Unsung Hero: a behind-the-scenes look at the people who make the Edinburgh Festivals happen
- Kenny O'Brien
- 25 July 2014
This article is from 2014.
This week, The Stand's Kenny O'Brien: 'My wife’s birthday is in August, apparently'
What’s your job title?
Tough one: I’m area manager for the Stand Comedy Clubs and a director of Salt’n’Sauce. Tommy Sheppard (Big Boss) has taken to introducing me as ‘Operations Manager’. Not sure why or what that might mean. I work for the Stand.
So what do you actually do?
Tricky to nail that one down too: you with your tricky questions … I can tell you what I don’t do: I don’t book the acts and I don’t pay nearly as close attention to budgets as I ought to. I don’t run box office, IT or marketing. We have lots of people who are all trying to do lots of things and all at the same time.
I try and make sure we have the people in place to do the work, and I try to help them be able to do their jobs well. I keep people going and try to stop us all from falling out, or falling apart. I troubleshoot and problem-solve.
I’m somewhere between being a kind of glue and Harvey Keitel in Pulp Fiction. I usually come tops in the poll of people you’d phone if you accidentally killed someone and needed help with the corpse.
I help make our venues as perfect as we can manage for each performance, move the staff and the punters into the right places at the right times. I also still pour beers and mop floors and empty bins, hump gear around and all the down-and-dirty stuff. I also do tea and sympathy and pecker up-keeping (of a sort).
Where are we likely to see you?
Running around York Place, St Andrew Square and George Street.
What’s your most memorable festival experience?
Things move from one thing to the next so quickly during the Fringe you don’t really get time to savour an experience: as soon as one thing is over you’re off to the next task, and I haven’t had the time to stop and watch a show in years. I catch bits here and there.
Most memorable is probably watching Simon Munnery cope with hellish illness by not giving up, but instead writing three shows which he would choose from on a day to day basis depending on how bad he was feeling. At its most crippling he was so medicated he could barely hold his head up and sat for the whole show, and he still ripped the room up. But never giving up, always finding a way to put on a great show. Everything Munnery does ends up amazing.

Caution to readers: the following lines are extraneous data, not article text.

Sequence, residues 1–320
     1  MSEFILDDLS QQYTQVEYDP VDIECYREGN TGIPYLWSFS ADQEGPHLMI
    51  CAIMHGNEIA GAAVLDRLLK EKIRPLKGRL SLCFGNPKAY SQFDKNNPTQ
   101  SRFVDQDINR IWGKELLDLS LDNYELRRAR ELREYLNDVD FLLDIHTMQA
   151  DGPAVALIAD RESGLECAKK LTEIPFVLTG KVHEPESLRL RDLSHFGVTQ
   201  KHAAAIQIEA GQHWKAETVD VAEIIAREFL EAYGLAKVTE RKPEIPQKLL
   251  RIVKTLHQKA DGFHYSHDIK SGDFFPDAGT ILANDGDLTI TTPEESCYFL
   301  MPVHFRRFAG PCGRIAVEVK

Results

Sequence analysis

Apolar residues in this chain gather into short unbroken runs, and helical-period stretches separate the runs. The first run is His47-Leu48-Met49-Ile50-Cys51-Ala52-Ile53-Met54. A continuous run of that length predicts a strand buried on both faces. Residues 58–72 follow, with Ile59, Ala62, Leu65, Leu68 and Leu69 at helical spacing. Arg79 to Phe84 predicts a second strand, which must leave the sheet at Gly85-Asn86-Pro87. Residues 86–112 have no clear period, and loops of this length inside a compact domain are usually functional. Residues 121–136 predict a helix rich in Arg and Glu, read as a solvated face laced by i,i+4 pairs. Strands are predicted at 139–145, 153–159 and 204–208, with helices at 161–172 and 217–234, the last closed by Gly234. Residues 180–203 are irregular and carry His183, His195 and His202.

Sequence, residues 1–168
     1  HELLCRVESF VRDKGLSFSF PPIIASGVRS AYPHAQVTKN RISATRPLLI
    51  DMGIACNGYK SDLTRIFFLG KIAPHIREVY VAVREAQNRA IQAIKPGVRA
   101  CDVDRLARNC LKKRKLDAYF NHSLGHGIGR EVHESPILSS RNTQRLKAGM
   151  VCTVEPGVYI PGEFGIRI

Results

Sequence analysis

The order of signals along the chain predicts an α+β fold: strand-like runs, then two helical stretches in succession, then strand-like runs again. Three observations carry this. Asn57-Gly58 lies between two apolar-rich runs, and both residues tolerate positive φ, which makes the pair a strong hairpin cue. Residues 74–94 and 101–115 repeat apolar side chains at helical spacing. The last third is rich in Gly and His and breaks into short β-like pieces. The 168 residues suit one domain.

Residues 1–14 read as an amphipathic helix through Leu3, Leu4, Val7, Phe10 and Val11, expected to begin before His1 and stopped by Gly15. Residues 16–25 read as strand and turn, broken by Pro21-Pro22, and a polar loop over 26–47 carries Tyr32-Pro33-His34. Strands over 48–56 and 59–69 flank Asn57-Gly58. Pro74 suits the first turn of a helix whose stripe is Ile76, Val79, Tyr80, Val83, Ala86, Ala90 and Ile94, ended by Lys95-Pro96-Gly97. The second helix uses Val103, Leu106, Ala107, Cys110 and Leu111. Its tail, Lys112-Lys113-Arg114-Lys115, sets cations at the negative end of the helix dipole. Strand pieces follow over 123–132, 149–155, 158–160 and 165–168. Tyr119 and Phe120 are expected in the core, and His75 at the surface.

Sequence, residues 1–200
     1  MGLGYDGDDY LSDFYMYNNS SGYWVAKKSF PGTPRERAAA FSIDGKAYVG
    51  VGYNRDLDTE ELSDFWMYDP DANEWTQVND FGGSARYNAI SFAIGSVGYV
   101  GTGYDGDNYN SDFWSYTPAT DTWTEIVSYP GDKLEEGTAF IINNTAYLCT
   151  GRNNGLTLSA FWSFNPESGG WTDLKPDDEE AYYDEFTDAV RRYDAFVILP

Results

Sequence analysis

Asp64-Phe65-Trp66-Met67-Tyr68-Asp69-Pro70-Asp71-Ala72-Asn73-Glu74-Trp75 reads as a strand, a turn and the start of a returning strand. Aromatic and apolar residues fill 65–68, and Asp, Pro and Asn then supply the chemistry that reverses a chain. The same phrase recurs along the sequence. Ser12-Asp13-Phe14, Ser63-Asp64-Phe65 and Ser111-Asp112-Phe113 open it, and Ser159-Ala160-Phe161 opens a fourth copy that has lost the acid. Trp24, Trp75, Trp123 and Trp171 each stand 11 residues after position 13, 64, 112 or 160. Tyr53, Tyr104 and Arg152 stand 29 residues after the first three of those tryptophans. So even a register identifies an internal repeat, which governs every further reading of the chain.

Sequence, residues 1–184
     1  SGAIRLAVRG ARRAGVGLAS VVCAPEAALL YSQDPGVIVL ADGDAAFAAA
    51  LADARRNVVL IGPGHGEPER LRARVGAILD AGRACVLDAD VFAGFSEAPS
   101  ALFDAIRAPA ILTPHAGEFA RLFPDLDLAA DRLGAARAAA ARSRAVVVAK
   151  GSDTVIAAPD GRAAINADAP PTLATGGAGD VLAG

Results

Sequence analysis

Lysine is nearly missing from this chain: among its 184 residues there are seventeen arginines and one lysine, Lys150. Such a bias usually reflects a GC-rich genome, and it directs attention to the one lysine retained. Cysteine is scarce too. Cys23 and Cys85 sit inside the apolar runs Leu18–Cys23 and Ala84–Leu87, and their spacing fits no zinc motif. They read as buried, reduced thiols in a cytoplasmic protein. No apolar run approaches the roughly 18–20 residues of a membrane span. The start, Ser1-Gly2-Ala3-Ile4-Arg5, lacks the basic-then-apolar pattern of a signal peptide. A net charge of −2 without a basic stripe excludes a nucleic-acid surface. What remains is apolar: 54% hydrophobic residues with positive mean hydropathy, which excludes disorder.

The biggest compliment I ever had was from a reviewer who said he always holds off of going to the loo til he gets to the Stand, cos he knows it’s the one venue toilet in Edinburgh he can rely on to be reasonably clean and have paper in, even at midnight.
The best bit of the Fringe every time is chucking the whole room out at the end of the Wrap Party, locking the doors and lying down on the grass for a bit. Then joining in the Afterparty, and the After-Afterparty-Party.
What’s the worst thing about your job?
Dealing with punters who just don’t get it. I mean just totally misunderstand the concept of a comedy club. Working 16-hour shifts for four weeks non stop. I also don’t get much in the way of a summer holiday with my wife and kids, but they do understand how hard and intense August, and in fact most of July now too, are. My wife’s birthday is in August, apparently.
Any plans for this year?
I want all our customers to arrive, linger and leave safe and happy. All our acts to have a good time, a positive experience artistically, and not go bust for the privilege. All our staff to have a pocketful of anecdotes and some wages left. I want the Stand to remain the best little comedy gig around.
I want the new stuff in the Square to go well: we’d like that to grow into being a part of the city’s annual calendar, something that’s a part of Edinburgh and feels like it belongs there, something the locals grow to look forward to.
I want to make myself unnecessary, have everything going so well I can spend a day climbing at Ratho, maybe with some of the comics who climb. Let them see the best climbing arena in the country too.
I want it to be my last Fringe. I always want it to be my last Fringe. It’s always just one more time.